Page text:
Once they leave France, the story picks up even more, and the pace is fast as they both journey into both a new land and new situations. They end up bickering, fighting, separating, and finally bumping into each other again. The scene that finds them reunited is a street fight, where Parrot thinks he’s saving Olivier, only to be unexpectedly saved by the well-armed boy. It’s a funny moment, one of many, but it points to the difficulties of survival in this new place without some sort of backing.

For his part, Olivier has no interest in the study of the prisons, and yet his actions lead Parrot to have to experience them firsthand. The interaction between the two and the period details, especially in New York, make this a fun, lighthearted read. One thing that Alexis de Tocqueville said, however, in his book, does apply beautifully to the theme of Parrot & Olivier:

“The growth of nations presents something analogous to this; they all bear some marks of their origin. The circumstances that accompanied their birth and contributed to their development affected the whole term of their being.”

Carey uses this novel to actually study how these two men developed from their vastly disparate births, with a conclusion that leaves you pondering the entire concept of class, friendship, and the sense of belonging.
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LibraryThing member stonelaura
“Parrot and Olivier in America,” double Booker Prize-winning author Peter Carey's eleventh book, is a rollicking, rambling, rakish look at unexpected friendship, art and burgeoning democracy.

Loosely based on Alexis de Tocqueville (but don't let that scare you away) Carey has created the
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character of Olivier de Garmont, a young, effete French noble still reeling from the slaughter of the revolution, and has paired him with Englishman, John Larrit (known at Parrot for his uncanny ability to mimic), a grizzled former printer's devil, as his unlikely servant. From alternate points of view we discover America from their vastly different perspectives as we also learn about their vastly different histories. Uniting the two in their reluctant partnership is the looming presence of the Marquis de Tilbot, the one-armed tour-de-force who commandeers both characters in sometimes subtle and oftentimes profound ways. Also uniting the two colorful characters is a love of art, as well as the love of feisty portraitist Mathilde. As they negotiate the daunting new country of America, under the guise of Olivier writing a study of America's prisons, both men discover as much about themselves as they do about this new democracy.

Olivier’s take on all things American provides for some delightful comments. “Here, in this compartment perfectly constructed for the contemplation of the American sublime, was placed the inevitable machine, that awful monument to democratic restlessness—a rocking chair . . . there is nothing less suited to meditation than democracy. In America, everyone is in a state of agitation: some to attain power, others to grab wealth, and when they cannot move, they rock.” From the porch as a metaphor for equality in enjoying nature to immigrant Americans redefining themselves as they abandon their pasts and embrace their new future, Olivier’s jaded look at democracy provides for many humorous moments.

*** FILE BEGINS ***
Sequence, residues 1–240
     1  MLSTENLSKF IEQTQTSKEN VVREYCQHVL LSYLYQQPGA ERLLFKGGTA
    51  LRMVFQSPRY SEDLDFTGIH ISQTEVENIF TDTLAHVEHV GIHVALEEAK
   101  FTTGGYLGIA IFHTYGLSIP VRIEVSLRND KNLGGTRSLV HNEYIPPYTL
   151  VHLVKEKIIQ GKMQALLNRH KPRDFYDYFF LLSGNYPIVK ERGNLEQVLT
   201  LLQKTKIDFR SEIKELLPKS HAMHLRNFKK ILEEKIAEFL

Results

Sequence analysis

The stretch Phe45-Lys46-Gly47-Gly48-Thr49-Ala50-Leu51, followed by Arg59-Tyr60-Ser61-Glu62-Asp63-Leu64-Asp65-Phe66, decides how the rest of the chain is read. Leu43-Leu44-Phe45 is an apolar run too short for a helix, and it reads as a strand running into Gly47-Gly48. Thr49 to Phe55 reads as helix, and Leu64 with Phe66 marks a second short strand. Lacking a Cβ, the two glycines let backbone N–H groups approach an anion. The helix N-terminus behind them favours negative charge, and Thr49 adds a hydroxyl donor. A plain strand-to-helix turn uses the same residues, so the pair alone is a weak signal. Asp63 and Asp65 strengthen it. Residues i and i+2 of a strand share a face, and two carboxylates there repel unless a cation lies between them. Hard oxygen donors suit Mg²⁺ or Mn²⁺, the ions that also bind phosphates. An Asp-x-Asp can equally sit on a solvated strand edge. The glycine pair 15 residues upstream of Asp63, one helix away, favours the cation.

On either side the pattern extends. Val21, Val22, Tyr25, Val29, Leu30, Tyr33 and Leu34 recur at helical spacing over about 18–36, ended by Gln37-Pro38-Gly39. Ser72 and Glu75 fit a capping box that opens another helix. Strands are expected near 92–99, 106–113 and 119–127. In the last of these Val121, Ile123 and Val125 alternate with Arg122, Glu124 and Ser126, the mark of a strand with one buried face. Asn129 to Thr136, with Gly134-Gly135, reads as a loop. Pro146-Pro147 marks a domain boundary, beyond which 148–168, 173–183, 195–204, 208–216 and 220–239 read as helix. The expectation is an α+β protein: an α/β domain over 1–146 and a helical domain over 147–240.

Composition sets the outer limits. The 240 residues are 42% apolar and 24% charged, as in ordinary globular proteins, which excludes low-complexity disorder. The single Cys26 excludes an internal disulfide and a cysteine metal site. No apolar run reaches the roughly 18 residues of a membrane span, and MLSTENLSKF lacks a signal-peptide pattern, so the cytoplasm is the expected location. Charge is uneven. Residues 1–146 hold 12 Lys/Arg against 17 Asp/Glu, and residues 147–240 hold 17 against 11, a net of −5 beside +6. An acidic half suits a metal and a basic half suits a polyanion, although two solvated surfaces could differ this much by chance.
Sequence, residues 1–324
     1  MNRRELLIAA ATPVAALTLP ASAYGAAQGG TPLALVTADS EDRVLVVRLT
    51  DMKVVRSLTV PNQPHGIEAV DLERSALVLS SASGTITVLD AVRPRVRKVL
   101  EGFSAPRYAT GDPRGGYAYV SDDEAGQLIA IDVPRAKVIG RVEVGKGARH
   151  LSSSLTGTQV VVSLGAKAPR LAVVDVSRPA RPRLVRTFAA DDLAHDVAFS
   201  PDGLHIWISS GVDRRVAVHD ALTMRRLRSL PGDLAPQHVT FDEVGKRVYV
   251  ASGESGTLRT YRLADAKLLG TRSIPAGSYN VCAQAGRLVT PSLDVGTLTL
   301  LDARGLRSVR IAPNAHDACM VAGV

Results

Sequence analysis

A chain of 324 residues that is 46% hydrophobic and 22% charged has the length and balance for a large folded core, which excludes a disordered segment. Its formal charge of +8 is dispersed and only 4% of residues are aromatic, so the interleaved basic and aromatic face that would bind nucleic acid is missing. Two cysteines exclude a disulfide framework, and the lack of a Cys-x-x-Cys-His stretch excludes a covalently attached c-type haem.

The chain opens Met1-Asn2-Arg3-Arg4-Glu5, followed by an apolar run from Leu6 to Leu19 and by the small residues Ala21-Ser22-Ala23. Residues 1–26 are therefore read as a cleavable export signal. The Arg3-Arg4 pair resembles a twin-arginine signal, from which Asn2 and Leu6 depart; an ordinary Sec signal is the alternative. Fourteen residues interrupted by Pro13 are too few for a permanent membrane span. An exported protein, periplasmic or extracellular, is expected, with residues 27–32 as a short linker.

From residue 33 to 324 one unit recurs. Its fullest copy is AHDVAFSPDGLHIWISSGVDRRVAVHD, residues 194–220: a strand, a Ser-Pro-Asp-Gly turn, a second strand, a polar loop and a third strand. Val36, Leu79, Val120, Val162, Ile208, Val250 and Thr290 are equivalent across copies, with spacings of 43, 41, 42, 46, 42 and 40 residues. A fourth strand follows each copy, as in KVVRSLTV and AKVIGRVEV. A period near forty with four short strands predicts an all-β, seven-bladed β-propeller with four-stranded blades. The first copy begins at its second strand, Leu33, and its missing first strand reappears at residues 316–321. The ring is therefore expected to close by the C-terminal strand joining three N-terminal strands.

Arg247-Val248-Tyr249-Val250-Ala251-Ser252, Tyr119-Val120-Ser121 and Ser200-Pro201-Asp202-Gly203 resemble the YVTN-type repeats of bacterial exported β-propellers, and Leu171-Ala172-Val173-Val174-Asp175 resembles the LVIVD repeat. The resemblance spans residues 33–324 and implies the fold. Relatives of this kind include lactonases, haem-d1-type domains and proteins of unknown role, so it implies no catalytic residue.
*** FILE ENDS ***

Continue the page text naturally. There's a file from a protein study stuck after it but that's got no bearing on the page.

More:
Carey loves to fill his books with extravagant Dickensian characters. Picaresque is the term often used to describe “Parrot and Olivier in America,” and while it’s true that the book begins with an innocent waif and is filled with clever rogues, this is really a complex book of ideas and observations that also has moments of beauty and delight.
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LibraryThing member booksun
Interesting story and it gave insight into the history of the revolution in France, the beginning of American democracy and the differences between classes in those days. But for me it lacked suspense and emotional bondage. The story was too long and sometimes I felt irritated by Oliver his
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stupidity. The parrot was a nice character. The book must have been based on a lot of research and I can agree that it is a good read for those interested in American and French history. But for me not good enough.
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LibraryThing member jasonlf
Peter Carey's writing in this book is brilliant, especially his alternating pair of highly unreliable narrators. Much of the story is fascinating and the observations thought provoking. But in the end the fact that I didn't find myself really caring about any of the characters was a real minus.